With cold days approaching, the need for warmth and plenty of food, where would you choose to shelter? Well, if you were a rat, it could well be in a compost heap – somewhere with plenty of fresh kitchen scraps to feast on and a nice bit of heat from the decomposing material.
This is certainly what one rat thought of my heap a few years ago. I raised the lid on a nearly full bin and came eyeball to eyeball with a feasting rodent. Was there ever a larger rat with longer teeth? Probably, but shock magnified the scene and I only had a glimpse as my shriek rent the air and, with lightning speed, it whipped down a hole to the nether regions of the bin.
It was most definitely time to get involved in some rat-proofing. If you find the idea of coming face to face with a rodent as repellent as I did, I’m glad to say that a few simple measures ensured that I haven’t ever had the same experience again.
Five Ways to Rat-Proof Your Compost Bin
- Use a solid-sided bin. If you have a wooden, open-slatted bin then it’s best to use it only for garden waste. Vegetable peelings and other kitchen waste (rats are, apparently, particularly partial to potato peelings) should go in a closed bin, with solid sides and a lid. Some of the commercial plastic varieties come with a rat-proof base, but if yours doesn’t then place it on wire mesh. Rats can squeeze through gaps of 15 mm (just over half an inch), so the holes in the mesh need to be smaller than this. It also needs to be heavy-duty. Chicken wire isn’t thick enough as rodent teeth are sharp! I use a galvanised, 13mm x 13 mm (0.5 x 0.5 inches) light welded mesh.
- Ensure the bin is set squarely so that there is no gap between the sides and the lid. This makes it harder for a rat to gain an easy purchase. Rats love nothing more than finding an edge to nibble on. I made the mistake of not setting the bin squarely, and teeth marks made it very clear what had made the hole I found.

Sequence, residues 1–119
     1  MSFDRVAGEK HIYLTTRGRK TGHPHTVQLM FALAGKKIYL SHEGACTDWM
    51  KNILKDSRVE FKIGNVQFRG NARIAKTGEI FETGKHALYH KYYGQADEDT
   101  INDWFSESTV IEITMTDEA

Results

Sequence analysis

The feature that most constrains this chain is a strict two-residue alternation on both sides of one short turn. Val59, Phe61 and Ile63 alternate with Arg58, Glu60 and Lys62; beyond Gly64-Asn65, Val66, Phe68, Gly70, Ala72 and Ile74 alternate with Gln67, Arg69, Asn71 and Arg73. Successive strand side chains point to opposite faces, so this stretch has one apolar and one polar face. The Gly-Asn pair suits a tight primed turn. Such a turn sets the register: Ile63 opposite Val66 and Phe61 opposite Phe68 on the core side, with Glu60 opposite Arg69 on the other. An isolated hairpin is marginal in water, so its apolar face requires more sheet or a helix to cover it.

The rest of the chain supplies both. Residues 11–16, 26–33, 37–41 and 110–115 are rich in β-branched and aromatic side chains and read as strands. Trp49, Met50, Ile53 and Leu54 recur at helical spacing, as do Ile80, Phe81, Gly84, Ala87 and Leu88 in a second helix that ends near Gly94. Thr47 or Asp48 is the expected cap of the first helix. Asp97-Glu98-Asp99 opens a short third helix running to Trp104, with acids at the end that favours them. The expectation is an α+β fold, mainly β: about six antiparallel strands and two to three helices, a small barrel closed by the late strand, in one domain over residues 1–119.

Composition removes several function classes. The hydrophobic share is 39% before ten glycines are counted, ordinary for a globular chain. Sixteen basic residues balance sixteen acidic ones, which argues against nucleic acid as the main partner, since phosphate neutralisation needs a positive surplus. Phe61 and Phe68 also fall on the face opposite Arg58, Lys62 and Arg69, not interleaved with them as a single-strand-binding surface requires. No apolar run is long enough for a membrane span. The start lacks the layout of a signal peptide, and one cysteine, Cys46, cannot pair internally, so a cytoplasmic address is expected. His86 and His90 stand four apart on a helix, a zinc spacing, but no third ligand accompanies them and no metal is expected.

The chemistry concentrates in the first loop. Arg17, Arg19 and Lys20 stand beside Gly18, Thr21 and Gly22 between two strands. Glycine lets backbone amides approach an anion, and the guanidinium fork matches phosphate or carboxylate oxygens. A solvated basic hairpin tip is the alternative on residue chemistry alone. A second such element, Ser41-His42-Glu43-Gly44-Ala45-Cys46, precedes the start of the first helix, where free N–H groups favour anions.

- Rats are secretive souls. They prefer to keep to the edges of things and haunt passages like those made between a fence and a closely positioned shed. Situate your compost heap as much in the open as possible, away from likely rat-runs along over-grown fence-lines and the sides of buildings, so that they are discouraged by a lack of cover.
- Rats don’t like disturbance. Putting the bin somewhere you pass by often and giving it a good rat-a-tat on the side with a stick every time will discourage them from taking up residence.
- Don’t add cooked food, especially meat and fish, or anything strong-smelling like cheese and fats to the bin. I also found that egg shells were a particular favourite, to the extent that they started calling at it for a take-away.
Take Stock of Your Garden
Once your bin is sorted, have an objective look round your garden from a rat’s point of view. The current enthusiasm for wildlife gardening isn’t selective when it comes to the wildlife it attracts, so rodents can be the penalty we pay for long grass and wildflower meadows. It would be a shame to get rid of these if you like them, but it’s better not to have the compost heap in the middle.
Bird feeders also need looking at. Birds are nothing if not messy eaters and lots of grain tends to fall to the ground beneath which is a major attraction for rats. Consider setting a large paving slab below the feeder so that it’s easier to brush up fallen seed.
Once you’ve carried out a few simple measures, you should find that rats move on to find easier lodgings. If you do find the rats in your area are particularly persistent, then it could be the moment to consider a well-built compost tumbler.
By Helen Gazeley